Comments on
Treating Depression and Folate Deficiency With Medical Foods

Midweek Mental Greening

First and foremost, I should offer a disclaimer for this post:

The scientific media briefing I watched this morning, “Feeding the Brain to Help Manage Depression: The Role of Medical Foods,” was presented by Rakesh Jain, M.D., M.P.H., the Director of Psychiatric Drug Research at R/D Clinical Research Center in Lake Jackson, TX and Teodoro Bottiglieri, Ph.D. of the Baylor Institute of Metabolic Disease, and sponsored by Pamlab, a pharmaceutical company specializing in prescription medical foods. Neither nor myself is affiliated with Pamlab or Deplin, the new medical food discussed during the briefing.

Now that that’s out of the way, on to the more interesting stuff.

“Can we feed the brain to regulate mood disorders?”

If you had no experience with or knowledge of medical foods (meant for nutritional or dietary management of specific diseases), you might’ve thought Jain and Bottiglieri were referring to feeding the brain – and our bodies – with actual food when you heard that question.

Instead, the men were referring to medical foods – more specifically, a new product called Deplin, a medical food that includes L-methylfolate, the only active form of folate that can cross the blood brain barrier and help with the synthesis of the neurotransmitters associated with mood and, consequently, mood disorders such as depression: serotonin, dopamine, and norepinephrine.

Research shows that people with depression and low folate levels are less likely to respond to treatments such as antidepressants and less likely to achieve remission.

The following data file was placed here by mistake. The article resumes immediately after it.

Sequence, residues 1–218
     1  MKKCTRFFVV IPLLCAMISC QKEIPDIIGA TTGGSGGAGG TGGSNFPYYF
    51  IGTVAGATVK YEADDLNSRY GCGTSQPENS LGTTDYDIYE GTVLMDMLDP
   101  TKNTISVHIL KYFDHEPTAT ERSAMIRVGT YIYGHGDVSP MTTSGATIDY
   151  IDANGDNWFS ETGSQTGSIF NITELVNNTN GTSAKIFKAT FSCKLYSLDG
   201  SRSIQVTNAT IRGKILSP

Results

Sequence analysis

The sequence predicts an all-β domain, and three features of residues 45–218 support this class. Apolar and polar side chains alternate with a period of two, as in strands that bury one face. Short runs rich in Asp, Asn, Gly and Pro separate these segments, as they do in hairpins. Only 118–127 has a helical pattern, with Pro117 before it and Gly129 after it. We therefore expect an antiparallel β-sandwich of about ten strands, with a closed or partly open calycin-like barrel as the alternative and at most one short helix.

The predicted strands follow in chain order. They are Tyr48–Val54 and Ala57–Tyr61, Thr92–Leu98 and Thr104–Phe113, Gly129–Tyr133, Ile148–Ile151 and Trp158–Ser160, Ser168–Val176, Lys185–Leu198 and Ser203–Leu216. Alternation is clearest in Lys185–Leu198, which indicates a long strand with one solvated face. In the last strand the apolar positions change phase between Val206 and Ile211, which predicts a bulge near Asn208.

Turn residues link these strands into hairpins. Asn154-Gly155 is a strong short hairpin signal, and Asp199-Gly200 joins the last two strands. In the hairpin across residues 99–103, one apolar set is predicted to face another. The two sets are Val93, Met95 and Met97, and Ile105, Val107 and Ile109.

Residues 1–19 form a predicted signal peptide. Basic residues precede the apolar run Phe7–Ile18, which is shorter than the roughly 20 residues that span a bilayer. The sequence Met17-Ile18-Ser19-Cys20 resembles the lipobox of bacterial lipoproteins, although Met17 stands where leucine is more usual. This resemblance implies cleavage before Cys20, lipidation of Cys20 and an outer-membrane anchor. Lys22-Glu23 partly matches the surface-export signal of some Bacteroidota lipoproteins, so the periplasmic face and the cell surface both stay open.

(Unfortunately, a smorgasbord of factors can contribute to low folate levels – genetics, age, lifestyle choices like poor diets and smoking, certain medications like anticonvulsants, oral contraceptives, and lithium, and certain illnesses like Crohn’s disease, hypothyroidism, and diabetes, just to name a few.)

Well, that makes sense, right? I mean, if you need folate to help synthesize the neurotransmitters, and you don’t have enough folate, the neurotransmitters won’t be properly synthesized and your depression – even with the assistance of antidepressants – probably won’t get better. Or, at least, the chances of you getting better – and staying better for longer periods of time – will be decreased.

What didn’t make sense to me during most of the briefing was why folic acid and natural forms of folate (the kind you can get from green vegetables, for example) wouldn’t work just as well?

In other words, why do we need yet another pill?

How can you blame me? This column is called “Midweek Mental Greening,” after all.

20 Comments to
Treating Depression and Folate Deficiency With Medical Foods

The comments below begin with the oldest comments first. (If there's more than one page, click on the last comments page to jump to the most recent comments.) Jump to reply form.

  1. Hi Alicia,
    The folate level link to depression is very interesting but still very complex.

    On one hand I agree with you;….” the fact that Deplin is immediately put to use once absorbed…”

    Then again on the other hand – Research does show that some treatment trials are encouraging and our awareness of nutritional disorders within the nervous system suggest that prevention of deficiency would be an effectual treatment of folate level deficiency.

    Thank you
    Linda Cooper

  2. This is the first I’ve heard of “medical food.” Why is L-methylfolate classified as a pharmaceutical Rx and not a nutritional supplement?

  3. Hi Alicia,
    Interesting article;
    Although I would like to see research into preventing deficiency instead of treating deficiency. This is better than nothing.
    Prevention is still better than cure.
    Thank you
    Linda Cooper

  4. @ Sandy – I’m really not sure; I don’t have any experience with how they classify these things. I read up on medical foods, and can see the differences between them and “regular foods,” but L-methylfolate sounds almost like it’d fall into a “vitamin” type category. I also read up on L-methylfolate, though, and found that it’s been marketed under other brand names. You can get a quick rundown of it at it’s pages at ( and even Wikipedia ( – not great for research purposes, but it gives an overall understanding.